Building a portfolio can be like dining out. You have lots of choices (Chicken or beef? French fries or side salad?), but not all of them suit your appetite.

Stocks may be your go-to pick, but options can also be a wise choice for your portfolio. Whether you choose stocks, options, or a combination of the two depends on several things, including your goals, timeline, and risk tolerance.

Investment know-how also comes into play, and that’s where we can help. Read on to learn more about stocks, options, and how trading options (or stocks) can be right for you.

Options vs. stocks: What’s the difference?

Even if you’re brand-new to investing, you likely know what a stock is. But in case you forgot, here’s a quick refresher:

A stock is an ownership share in a company. When you buy one or more stock shares, you purchase part of the company that issued the stock.

When you invest in stocks, the goal is to buy shares at one price, then sell them at a higher price. When you do so, you realize capital gains or profits in your portfolio.

Some stocks have an added benefit: paying dividends. A dividend is a payout the company makes to you monthly, quarterly, or annually just for owning the stock.

Stock options are different. When you invest in stock options, you essentially purchase the right to buy or sell shares of an underlying stock for a set price at a future date. There’s no direct ownership of the company at all.

You also don’t have an opportunity to earn dividends with options trading. But you do have the potential to reap capital gains from your investment.

How does options trading work?

When you invest in stocks, you decide which stock you want to buy (or sell) and how many shares. If investing through a self-directed account, like ours, you can execute stock trades on your own.

But trading options involves a different process, although you can still make these trades in your self-directed account. There are two basic types of options: calls and puts.

Call options give you the right to buy stock shares at a predetermined price on or before the option’s expiration date. Think of this as “calling” the stock to you. Put options give you the right to sell shares of stock at a certain price on or before the option’s expiration date. In other words, “putting” the stock away from you.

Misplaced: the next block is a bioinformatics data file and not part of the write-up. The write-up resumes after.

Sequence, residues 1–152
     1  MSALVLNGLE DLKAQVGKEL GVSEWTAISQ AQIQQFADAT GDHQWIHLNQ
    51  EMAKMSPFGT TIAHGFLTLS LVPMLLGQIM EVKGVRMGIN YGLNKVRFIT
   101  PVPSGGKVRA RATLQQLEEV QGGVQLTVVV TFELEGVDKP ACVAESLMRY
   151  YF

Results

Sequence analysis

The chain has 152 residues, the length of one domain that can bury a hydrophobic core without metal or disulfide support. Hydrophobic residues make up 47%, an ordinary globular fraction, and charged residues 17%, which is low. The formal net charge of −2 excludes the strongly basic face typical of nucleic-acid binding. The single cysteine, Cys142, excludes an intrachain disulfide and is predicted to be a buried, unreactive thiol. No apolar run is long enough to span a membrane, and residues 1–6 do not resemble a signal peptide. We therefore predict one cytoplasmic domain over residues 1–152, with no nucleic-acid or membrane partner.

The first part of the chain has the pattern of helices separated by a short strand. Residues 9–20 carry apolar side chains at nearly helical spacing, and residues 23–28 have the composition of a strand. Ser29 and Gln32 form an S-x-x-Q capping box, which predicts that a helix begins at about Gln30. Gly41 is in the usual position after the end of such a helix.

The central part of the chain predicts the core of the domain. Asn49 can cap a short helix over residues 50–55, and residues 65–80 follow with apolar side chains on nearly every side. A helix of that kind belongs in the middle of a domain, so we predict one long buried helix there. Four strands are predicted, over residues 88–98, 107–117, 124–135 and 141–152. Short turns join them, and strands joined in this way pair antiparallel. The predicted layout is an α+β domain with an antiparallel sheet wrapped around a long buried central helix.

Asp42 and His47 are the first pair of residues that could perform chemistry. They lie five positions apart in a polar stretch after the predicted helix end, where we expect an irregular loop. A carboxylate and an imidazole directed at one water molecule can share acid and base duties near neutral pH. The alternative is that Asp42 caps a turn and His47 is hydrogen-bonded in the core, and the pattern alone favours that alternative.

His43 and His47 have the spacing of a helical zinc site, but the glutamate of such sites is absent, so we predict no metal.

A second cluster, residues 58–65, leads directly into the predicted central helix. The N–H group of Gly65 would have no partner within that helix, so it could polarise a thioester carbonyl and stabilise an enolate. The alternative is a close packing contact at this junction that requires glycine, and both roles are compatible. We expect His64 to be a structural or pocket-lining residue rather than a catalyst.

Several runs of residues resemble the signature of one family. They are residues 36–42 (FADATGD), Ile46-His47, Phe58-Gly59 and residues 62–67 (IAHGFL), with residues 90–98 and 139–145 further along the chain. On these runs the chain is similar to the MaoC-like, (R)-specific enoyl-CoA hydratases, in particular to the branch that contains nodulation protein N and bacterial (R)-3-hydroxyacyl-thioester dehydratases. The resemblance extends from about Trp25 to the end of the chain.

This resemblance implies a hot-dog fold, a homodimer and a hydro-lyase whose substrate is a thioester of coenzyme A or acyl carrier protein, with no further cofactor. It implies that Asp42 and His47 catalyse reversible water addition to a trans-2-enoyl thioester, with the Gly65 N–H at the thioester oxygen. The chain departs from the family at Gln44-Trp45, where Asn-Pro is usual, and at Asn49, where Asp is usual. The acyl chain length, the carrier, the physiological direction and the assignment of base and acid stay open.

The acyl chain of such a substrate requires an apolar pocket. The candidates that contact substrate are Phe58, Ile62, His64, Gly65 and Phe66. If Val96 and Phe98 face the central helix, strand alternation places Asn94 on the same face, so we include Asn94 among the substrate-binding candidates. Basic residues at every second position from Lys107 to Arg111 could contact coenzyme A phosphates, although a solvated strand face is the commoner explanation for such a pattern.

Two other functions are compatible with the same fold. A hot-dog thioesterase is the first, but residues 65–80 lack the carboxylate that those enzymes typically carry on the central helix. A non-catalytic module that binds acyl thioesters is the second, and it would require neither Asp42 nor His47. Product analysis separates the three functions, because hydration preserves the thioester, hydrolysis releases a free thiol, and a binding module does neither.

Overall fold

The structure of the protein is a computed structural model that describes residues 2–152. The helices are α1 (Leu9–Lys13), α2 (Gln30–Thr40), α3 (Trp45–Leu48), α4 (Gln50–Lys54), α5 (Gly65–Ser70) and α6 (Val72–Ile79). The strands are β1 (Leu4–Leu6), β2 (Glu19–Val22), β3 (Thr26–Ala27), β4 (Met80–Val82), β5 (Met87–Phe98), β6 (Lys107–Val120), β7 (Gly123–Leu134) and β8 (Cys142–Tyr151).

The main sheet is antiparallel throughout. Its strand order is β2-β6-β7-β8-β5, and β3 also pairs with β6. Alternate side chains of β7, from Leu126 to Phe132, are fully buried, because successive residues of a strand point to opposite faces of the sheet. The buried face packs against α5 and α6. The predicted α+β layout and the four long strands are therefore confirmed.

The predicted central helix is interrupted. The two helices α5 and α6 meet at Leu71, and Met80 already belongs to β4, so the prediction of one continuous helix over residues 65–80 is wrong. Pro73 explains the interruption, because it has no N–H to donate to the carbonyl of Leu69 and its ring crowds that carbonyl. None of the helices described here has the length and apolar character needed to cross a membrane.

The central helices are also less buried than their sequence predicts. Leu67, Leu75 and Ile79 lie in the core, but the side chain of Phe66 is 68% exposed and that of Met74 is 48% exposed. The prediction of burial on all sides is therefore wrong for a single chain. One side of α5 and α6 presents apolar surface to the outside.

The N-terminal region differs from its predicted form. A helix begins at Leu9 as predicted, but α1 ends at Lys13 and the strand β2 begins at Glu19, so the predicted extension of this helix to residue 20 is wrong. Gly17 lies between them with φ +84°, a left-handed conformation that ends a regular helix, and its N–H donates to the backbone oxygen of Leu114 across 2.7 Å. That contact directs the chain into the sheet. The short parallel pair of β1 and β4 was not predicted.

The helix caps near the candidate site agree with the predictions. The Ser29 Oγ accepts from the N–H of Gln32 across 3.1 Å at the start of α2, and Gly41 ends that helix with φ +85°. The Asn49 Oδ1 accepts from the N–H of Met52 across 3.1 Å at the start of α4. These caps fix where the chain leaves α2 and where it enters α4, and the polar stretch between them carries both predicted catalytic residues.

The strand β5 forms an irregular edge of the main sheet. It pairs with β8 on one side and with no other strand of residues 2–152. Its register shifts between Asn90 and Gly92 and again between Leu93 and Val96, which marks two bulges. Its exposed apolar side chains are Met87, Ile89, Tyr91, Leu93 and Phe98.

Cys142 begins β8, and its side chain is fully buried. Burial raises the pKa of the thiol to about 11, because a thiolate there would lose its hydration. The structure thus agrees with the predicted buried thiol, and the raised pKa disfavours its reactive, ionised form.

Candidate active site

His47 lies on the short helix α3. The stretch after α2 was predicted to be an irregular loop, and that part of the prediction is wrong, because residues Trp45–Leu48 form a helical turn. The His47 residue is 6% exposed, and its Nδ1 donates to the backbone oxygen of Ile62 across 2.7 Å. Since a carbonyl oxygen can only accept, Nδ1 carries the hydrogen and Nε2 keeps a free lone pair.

1. Investing in call options

When you buy a call option, you ultimately want the underlying stock or security to increase in price. You can then exercise your option, buy the stocks at a lower price, and sell them to realize a profit.

The strike price is the price that you agree to pay to buy the underlying stock using a call option. It’s a way to measure whether the stock will go up or down in value. The premium is a fee you pay to buy an option contract.

When you purchase a call option from the option writer or seller, the two of you agree on the strike price.

Related: The Basics of Call Options (and How They Can Be Used as Part of Your Investment Strategy)

2. Investing in put options

When you buy a put, it gives you the right (but not the obligation) to sell a specific stock at a specific price per share within a specific time frame. A good way to remember this is: You have the right to “put” stock to somebody.

In terms of what you want to happen with a put option, it’s the reverse of a call. Buying put options can help you take advantage of the downward movement of a stock. Instead of hoping the price rises, you want it to drop so you earn the difference between the strike price and the stock’s price in profit.